Continuation of CAP-GP.3226.
Couples with CAP-GP.3227.
Couples with CAP-GP.3602.
Continuation of CAP-GP.3601.
Couples with CAP-GP.3891.
Continuation of CAP-GP.3890.
Restricted to students in the Executive MPA PSL Program.
This course is designed to create an “action learning” community in which students will integrate their professional experiences, and other graduate course work, with a final exploration of leadership concepts, theory and applied practice.
Only open to students in the Global and Public Service Leader Executive MPA Programs.
All health systems, in the industrialized world, grapple with problems of cost, access, equity and quality of health care; and the trade-offs among these objectives. Reforms based on promoting markets, managed competition, public contracting, improved management, and changing financial incentives are some important issues under discussion in most nations.
The Wagner School Summer Institute brings together faculty and students from the United States and other parts of the world for an on-site exploration of international health policy and prospects in Geneva, Switzerland.
The overall goal of this course is to develop students’ skills in the financial analysis of key strategies for today’s health care organizations. To achieve this goal, we will (1) explore the drivers of value creation, valuation approaches, and differences in capital structures between nonprofit and for-profit healthcare providers; (2) examine horizontal consolidation among nonprofit and for-profit providers (mergers and acquisitions, joint ventures, and the like), and vertical consolidation between providers and payers; and (3) consider sources of financing, including private and public e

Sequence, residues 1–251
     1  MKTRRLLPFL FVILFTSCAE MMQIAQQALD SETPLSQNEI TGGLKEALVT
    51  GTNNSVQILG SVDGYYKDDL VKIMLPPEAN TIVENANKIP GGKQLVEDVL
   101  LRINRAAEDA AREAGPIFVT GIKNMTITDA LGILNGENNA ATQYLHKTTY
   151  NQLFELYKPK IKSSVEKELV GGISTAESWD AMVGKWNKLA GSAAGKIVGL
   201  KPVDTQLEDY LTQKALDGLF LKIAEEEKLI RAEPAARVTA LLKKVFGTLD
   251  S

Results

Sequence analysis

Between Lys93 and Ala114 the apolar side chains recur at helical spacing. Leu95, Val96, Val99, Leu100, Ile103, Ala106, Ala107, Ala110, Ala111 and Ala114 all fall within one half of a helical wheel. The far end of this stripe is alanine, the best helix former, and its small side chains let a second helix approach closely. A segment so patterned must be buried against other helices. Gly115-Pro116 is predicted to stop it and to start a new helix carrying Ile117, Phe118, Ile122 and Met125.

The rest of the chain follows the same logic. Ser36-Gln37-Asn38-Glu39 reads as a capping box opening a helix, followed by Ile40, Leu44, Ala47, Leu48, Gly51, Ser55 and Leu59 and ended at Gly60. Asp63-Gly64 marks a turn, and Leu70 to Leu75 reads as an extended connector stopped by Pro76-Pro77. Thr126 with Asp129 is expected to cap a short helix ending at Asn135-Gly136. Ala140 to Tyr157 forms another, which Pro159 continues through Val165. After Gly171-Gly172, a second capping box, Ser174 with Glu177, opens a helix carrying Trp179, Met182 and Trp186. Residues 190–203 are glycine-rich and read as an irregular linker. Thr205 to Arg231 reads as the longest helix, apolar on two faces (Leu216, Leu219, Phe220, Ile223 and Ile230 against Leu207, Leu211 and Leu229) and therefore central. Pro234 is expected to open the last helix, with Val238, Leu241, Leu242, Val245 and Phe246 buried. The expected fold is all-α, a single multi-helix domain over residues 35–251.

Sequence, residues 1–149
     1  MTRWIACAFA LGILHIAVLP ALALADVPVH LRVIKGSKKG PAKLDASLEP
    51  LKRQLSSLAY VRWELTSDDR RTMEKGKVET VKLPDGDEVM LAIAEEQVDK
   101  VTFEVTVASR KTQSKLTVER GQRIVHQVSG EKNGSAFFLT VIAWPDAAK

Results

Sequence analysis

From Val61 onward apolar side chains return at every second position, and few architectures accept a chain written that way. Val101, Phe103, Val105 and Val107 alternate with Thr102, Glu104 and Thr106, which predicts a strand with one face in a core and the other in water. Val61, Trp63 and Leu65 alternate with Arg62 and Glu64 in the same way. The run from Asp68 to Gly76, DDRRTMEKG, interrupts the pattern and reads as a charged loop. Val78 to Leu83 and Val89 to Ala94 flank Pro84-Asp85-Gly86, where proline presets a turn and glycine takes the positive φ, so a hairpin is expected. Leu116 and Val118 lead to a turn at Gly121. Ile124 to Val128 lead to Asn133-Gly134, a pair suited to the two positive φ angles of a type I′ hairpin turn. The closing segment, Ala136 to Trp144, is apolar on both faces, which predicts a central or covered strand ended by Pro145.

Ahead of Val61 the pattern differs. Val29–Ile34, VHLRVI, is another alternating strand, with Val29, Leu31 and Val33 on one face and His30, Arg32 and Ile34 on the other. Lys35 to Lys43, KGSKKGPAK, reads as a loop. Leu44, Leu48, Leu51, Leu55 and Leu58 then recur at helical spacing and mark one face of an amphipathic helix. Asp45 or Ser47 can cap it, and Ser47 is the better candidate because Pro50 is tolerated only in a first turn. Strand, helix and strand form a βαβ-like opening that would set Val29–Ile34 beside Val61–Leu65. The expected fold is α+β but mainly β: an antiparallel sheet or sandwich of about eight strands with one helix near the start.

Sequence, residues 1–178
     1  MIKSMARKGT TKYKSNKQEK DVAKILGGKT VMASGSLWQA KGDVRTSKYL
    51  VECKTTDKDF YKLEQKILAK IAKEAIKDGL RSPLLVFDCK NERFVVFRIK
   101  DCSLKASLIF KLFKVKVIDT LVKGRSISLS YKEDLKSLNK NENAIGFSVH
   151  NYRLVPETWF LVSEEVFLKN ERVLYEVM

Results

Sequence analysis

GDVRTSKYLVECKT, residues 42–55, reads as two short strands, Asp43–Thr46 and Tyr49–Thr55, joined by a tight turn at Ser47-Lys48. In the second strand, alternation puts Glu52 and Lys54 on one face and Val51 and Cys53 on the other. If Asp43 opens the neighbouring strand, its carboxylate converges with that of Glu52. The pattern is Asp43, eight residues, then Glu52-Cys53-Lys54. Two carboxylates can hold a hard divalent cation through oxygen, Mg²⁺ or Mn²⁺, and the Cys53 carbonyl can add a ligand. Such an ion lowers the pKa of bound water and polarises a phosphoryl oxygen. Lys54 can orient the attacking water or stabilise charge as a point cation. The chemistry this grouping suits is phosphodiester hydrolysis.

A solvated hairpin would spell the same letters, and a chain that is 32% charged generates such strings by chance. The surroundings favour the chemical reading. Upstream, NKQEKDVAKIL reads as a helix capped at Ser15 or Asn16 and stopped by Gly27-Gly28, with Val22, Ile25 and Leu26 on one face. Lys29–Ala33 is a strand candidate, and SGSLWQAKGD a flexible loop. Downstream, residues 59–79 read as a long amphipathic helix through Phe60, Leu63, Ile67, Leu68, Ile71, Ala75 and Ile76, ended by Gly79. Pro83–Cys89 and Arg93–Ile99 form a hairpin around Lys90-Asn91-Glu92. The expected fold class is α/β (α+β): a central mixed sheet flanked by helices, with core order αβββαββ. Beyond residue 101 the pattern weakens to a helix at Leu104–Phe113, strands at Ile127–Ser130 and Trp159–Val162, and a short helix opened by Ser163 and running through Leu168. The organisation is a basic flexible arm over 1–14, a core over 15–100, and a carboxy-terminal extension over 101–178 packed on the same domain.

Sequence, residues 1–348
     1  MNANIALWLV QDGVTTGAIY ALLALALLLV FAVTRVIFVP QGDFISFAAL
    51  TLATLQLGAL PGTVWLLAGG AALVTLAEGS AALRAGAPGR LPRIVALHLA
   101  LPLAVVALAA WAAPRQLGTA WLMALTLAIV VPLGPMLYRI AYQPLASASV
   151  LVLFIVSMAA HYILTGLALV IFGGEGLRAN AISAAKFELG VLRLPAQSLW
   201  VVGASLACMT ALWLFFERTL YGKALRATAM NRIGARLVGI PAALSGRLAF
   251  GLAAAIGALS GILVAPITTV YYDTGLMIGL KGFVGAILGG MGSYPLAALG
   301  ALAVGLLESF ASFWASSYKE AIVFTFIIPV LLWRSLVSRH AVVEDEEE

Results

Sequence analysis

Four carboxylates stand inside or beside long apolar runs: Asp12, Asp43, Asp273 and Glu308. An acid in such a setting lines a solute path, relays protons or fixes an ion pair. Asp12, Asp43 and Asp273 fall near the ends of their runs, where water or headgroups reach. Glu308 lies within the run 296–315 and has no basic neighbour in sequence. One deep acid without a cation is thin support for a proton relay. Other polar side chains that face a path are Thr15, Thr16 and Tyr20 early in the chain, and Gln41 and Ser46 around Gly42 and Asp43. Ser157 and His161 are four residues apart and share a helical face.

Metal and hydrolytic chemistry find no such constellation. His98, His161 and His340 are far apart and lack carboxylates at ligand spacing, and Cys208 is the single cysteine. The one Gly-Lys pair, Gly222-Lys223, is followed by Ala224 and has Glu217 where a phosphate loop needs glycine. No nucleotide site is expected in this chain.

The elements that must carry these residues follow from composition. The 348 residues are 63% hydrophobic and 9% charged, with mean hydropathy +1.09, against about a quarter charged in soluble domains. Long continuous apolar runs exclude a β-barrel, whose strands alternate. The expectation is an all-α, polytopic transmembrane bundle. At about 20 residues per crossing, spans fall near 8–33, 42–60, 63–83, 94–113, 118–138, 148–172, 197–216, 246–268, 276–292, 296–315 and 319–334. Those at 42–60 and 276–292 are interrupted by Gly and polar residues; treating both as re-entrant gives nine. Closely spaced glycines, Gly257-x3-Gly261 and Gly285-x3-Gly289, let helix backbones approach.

1.5-3 credits. An independent reading must be proposed to, and approved and supervised by a full-time faculty member. Professors are not required to take on any student for an independent reading and may be more inclined in cases where the student defines her or his interest in a subject fairly precisely. Students must submit a reading list and agree to specific due dates for assignments with the faculty member supervising the independent reading.
This non-credit, 3-session module introduces students to the basic functionalities of Microsoft Excel such as basic formulas, absolute versus relative cell reference, formatting, and time-value of money financial functions. The module is held in a computer lab and every student has a computer. It is intended for students with limited or no Excel experience, and is designed to be taken concurrently with CORE-GP 1021 (Financial Management).
This noncredit module focuses on those math skills that are essential to statistics, microeconomics, and financial management. Students taking quantitative courses are encouraged to take advantage of this review.
This short, non-credit class aims to give students an overview of the key elements of successful writing, and equip them with the tools to approach any writing assignment, from memos to emails to reports to research briefs. This class is designed to be a companion piece to other coursework, and students will be asked to bring in assignments from other courses to work on in class. Topics covered include introductions, structure and organization, paragraphs and
This is an interactive 90-minute introduction to writing, citing, and integrating sources in graduate essays. Although we will cover various citation methods, including MLA and Chicago, we will focus on APA Style. Students will gain practice in citing scholarly and popular sources in text and in the Works Cited page of projects and will develop skill incorporating articles into their own prose. In addition to integrating sources, this workshop is also a brief introduction to NYU library resources and services available to Wagner students.